At one gig they were spotted by a holidaying writer for The Today show and they soon made their network television debut. After that, success was assured for “America’s First Family of Music,” whose lineup often included the boys’ mother, Barbara, and sister Susan. The band’s hit singles included The Rain, The Park, and Other things (1967), Indian Lake (1968) and Hair (1969), the title song of the rock musical. Five other singles also reached the charts in those years, a stunning reversal of fortune for the family.
They lost it almost as suddenly. Bud Cowsill, who was the group’s business manager, filed for bankruptcy in 1975, owing about $450,000 to creditors.
Billy Cowsill had long since left the band. He had an explosive argument with his father in Las Vegas and was fired the next day.
A Cowsill by name but no longer by profession, he recorded a solo album that sank without a trace and then wandered across America, playing in coffee shops and taverns. Along the way, the Beach Boys invited him on tour to replace Brian Wilson, who had suffered a nervous breakdown. Cowsill decided to seek out his hero before taking the gig. By then, the corpulent Beach Boy had retired into a world of his own making that included a sandbox in his living room.
“Oh, Billy, don’t do it,” Wilson warned. “It’ll drive you crazy. It’ll get you nuts.”
Cowsill followed his idol’s advice. “I looked at him and thought . . . obviously this guy knows what he’s talking about.”
Instead, he used the last of his Cowsills money to buy a bar in Austin, Texas. As might be predicted, he and his coterie drank the joint dry. Cowsill headed north, stopping in the Northwest Territories, where he found work driving trucks from Hay River over the frozen Great Slave Lake to Yellowknife.
By 1979, he had landed in Vancouver, where he fronted Blue Northern, producing a four-song extended-play record in 1980 and an album the following year.
He continued to drink heavily until the birth of a son inspired him to stop. It was a short-lived abstinence. He would later joke he had considered writing a song titled, “How Can I Look up to Daddy When He’s Passed Out on the Floor?”
One of the highlights of his live performances was a Dead Man’s Set, in which Cowsill and his band would play only tunes by deceased rock stars.
Larry Wanagas, who was singer k.d. lang’s manager, brought Cowsill into his stable, but was unable to get him aligned with a record label. “No one would sign me because my name was Cowsill,” he once complained. “For three years if I was a space heater, [Wanagas] couldn’t have sold me to the Eskimos.”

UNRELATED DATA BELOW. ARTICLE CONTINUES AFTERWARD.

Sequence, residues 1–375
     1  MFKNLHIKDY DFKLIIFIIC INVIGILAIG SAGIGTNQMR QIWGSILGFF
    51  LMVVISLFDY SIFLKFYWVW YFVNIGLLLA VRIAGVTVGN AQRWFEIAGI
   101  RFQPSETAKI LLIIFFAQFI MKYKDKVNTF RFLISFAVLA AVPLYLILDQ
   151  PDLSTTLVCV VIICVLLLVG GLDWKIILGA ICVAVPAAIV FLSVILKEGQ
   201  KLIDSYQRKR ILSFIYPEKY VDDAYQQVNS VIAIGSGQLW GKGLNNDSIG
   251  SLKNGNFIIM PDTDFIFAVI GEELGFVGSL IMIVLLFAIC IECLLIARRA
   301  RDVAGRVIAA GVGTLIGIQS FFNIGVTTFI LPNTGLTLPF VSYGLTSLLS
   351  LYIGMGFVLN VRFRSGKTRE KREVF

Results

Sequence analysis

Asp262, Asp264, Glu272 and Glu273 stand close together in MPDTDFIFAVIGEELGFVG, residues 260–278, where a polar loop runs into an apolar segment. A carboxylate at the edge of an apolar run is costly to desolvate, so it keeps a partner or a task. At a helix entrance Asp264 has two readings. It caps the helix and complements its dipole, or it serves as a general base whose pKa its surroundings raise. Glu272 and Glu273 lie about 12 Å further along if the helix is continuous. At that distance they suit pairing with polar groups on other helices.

Cowsill was about to move to Nashville when he hooked up with Jeffrey Hatcher, a prolific tunesmith with whom he formed The Blue Shadows. The rocking country outfit called their ringing harmonies “Hank Williams goes to the Cavern Club.” Their 1993 debut album, On the Floor of Heaven, won a Juno nomination for country group of the year. They followed with a second album, Lucky To Me, which also won critical acclaim, but once again proved too country for rock radio and too rock for country radio. The group dissolved in 1996.
Cowsill suffered from a serious back problem, an injury whose pain he tried to mask with ever more serious bouts of drinking and pill popping. Friends brought him to Calgary, where he once again went on the wagon and underwent back surgery. Despite a deteriorating physical condition, Cowsill continued to perform, even taking to the stage despite needing a cane following hip-replacement surgery.
His death, while sudden, was not entirely unexpected. Cowsill was known to suffer from emphysema, osteoporosis and Cushing’s syndrome, a hormonal imbalance. The news reached his surviving siblings as they gathered in Rhode Island to mark the death of brother Barry Cowsill in New Orleans. He had gone missing in Hurricane Katrina in September 2005, and his body was not identified until the following January. A day after their older brother’s death, the surviving Cowsills recreated their sunny sound at a memorial service.
February 28, 2006